How to create your own garden den
PUBLISHED: 00:00 02 July 2020
Photograph supplied by Quality Garden Offices
Discover what’s involved in creating an outside office, studio or retreat
I once knew the owner of a group of Hampshire eateries who worked from the summer house in the garden of one of his restaurants. Lovely it was, too, on warm days. But in winter it was cold, damp and uncomfortable. His office choice was considered eccentric, however he said it removed him from the distractions of the restaurant environment.
Fast forward a couple of decades and how times have changed. The garden room is no longer a converted shed. Choices range from log cabins to imaginative, architect-designed retreats. With insulation and power, cabling for internet, underfloor heating, double-glazing, mini-kitchens and shower rooms; they also provide a comfortable space to play or work year-round.
Interest in these garden rooms has increased significantly recently as lockdown revealed that the in-vogue, open-plan home is, just that, too open-plan. The garden room or studio provides somewhere to escape to that’s more cost-effective than extending your home or moving house. They can also be designed to be multi-purpose: a gym or meditation space in the morning, home office during the day, teenagers’ hang-out in the evening and guest room at weekends.
The Designer Retreat
Tom Lewith, Director, TDO (tdoarchitecture.com) was responsible for Forest Pond House, a one-off sculptured waterside retreat in a rural Hampshire garden that provides a zen-like calm space.
Tom comments: “It is unusual for architects to be involved in this scale of design work due to the time it takes to develop a bespoke design. Therefore an architect’s involvement can be disproportionately expensive unless undertaken as an experimental exercise – as we did for the design and build of the Forest Pond House. So, do consider whether it might be more appropriate to work with a competent builder to achieve your aspirations.
He advises: “Planning and building regulations should always be considered at the outset for any structures built on your land. Contact the local planning department for their advice on permitted development guidelines for what could be allowed without a full planning application.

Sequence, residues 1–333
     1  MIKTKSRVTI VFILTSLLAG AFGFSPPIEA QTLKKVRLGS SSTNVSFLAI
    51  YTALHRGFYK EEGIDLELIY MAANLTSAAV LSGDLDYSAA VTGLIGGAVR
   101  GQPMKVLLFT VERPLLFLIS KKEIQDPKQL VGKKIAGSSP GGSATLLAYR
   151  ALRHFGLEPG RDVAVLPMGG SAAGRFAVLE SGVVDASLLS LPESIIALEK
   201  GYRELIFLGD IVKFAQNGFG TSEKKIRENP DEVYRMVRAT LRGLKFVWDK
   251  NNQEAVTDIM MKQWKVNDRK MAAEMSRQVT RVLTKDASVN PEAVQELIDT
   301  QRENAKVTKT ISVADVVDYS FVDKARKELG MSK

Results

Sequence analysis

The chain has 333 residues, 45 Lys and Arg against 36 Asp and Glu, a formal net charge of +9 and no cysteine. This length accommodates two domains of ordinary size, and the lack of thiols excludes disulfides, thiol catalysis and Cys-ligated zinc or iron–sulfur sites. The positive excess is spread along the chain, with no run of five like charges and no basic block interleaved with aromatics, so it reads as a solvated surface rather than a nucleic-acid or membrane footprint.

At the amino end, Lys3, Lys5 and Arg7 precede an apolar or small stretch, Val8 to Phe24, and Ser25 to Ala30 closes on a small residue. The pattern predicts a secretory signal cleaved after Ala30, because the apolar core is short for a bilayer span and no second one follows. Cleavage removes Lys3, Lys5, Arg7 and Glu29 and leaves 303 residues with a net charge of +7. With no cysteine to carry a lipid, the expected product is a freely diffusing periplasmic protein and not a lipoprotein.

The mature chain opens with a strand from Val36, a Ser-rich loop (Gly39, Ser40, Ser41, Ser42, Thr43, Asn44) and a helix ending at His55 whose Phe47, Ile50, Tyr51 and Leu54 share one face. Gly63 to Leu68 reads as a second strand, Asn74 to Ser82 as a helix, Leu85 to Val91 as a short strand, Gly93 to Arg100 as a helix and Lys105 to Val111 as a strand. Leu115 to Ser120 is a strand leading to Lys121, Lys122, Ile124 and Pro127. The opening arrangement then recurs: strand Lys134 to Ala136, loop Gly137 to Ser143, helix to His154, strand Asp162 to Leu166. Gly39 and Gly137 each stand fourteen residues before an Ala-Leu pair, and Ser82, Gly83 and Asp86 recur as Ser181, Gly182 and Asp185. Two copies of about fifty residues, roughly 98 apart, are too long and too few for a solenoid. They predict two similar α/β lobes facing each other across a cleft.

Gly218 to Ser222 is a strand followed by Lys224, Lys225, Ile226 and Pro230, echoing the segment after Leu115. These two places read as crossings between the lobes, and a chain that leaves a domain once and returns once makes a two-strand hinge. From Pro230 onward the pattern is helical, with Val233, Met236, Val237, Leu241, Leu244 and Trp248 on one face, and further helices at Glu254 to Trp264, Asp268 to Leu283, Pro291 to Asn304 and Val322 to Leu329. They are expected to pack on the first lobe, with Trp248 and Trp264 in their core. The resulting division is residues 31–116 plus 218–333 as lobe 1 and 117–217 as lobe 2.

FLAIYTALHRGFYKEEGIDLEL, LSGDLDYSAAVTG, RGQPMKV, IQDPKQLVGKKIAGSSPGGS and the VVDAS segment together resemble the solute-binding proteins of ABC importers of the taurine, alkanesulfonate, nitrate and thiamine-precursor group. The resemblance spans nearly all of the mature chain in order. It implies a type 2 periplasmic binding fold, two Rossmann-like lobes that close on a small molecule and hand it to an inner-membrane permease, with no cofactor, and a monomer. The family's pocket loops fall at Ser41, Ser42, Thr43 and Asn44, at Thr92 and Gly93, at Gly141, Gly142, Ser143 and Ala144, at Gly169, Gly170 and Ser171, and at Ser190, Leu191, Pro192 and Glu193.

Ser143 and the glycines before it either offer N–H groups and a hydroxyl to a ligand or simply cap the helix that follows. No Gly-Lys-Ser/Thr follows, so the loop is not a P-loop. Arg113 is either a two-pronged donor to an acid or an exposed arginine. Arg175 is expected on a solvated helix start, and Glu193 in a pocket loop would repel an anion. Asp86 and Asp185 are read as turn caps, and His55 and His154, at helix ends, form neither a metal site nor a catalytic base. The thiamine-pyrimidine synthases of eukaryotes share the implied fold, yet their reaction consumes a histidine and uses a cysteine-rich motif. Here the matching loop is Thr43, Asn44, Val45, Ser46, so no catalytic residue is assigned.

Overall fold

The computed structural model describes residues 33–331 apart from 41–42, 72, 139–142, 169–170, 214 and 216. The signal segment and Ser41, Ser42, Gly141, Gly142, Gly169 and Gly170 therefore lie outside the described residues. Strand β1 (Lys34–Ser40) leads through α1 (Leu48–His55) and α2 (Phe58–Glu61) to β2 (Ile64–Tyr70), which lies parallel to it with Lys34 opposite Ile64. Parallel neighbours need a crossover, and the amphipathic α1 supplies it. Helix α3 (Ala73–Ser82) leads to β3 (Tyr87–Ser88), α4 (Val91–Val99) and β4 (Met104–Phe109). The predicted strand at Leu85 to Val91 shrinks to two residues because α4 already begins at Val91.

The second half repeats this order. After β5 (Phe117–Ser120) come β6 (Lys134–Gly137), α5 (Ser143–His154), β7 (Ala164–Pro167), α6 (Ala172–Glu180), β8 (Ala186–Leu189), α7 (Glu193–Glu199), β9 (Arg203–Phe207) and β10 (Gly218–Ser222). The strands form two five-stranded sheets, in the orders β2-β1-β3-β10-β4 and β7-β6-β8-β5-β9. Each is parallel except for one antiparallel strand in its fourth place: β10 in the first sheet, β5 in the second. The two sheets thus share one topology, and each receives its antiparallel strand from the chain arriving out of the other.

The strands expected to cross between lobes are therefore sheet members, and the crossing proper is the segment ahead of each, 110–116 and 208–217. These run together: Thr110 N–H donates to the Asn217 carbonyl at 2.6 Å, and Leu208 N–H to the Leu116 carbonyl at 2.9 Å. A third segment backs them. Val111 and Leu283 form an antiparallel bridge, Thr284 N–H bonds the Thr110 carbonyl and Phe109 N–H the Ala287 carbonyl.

And a tip: “Although mains power and water are useful to have, solar power and rainwater harvesting are more sustainable and should be considered.”
The Traditional Oak Building
Robin Welland-Jones is Managing Director of Rookery Barns (rookerybarns.com), Oakhanger, specialists in traditional oak-framed, barn-style buildings often used as garaging and pool houses. They offer a comprehensive service from design and securing planning approval through to completion. Since the start of lockdown they’ve noticed an increase in enquiries about using their garden buildings as home offices, studios, recreational rooms and garden annexes.
Robin says: “One client wanted us to create a games studio/recreational room for his teenage children in the garden, so that they have their own space. It is a single storey oak-framed building with painted weatherboard sides and clay tiled pitched roof. Inside is oak flooring, kitchen area and toilet, and along one side of the building glazed folding sliding doors introduce light and allow the room to be open to the outside on sunny days.
“Another client, finding that he now spends much more of his time running his business from home, needs a separate office away from the house. We have designed an 80sqm single storey oak-framed building with oak weatherboard sides and a pitched slate roof. The L-shaped building will incorporate kitchen and shower room, plus workshop and store.”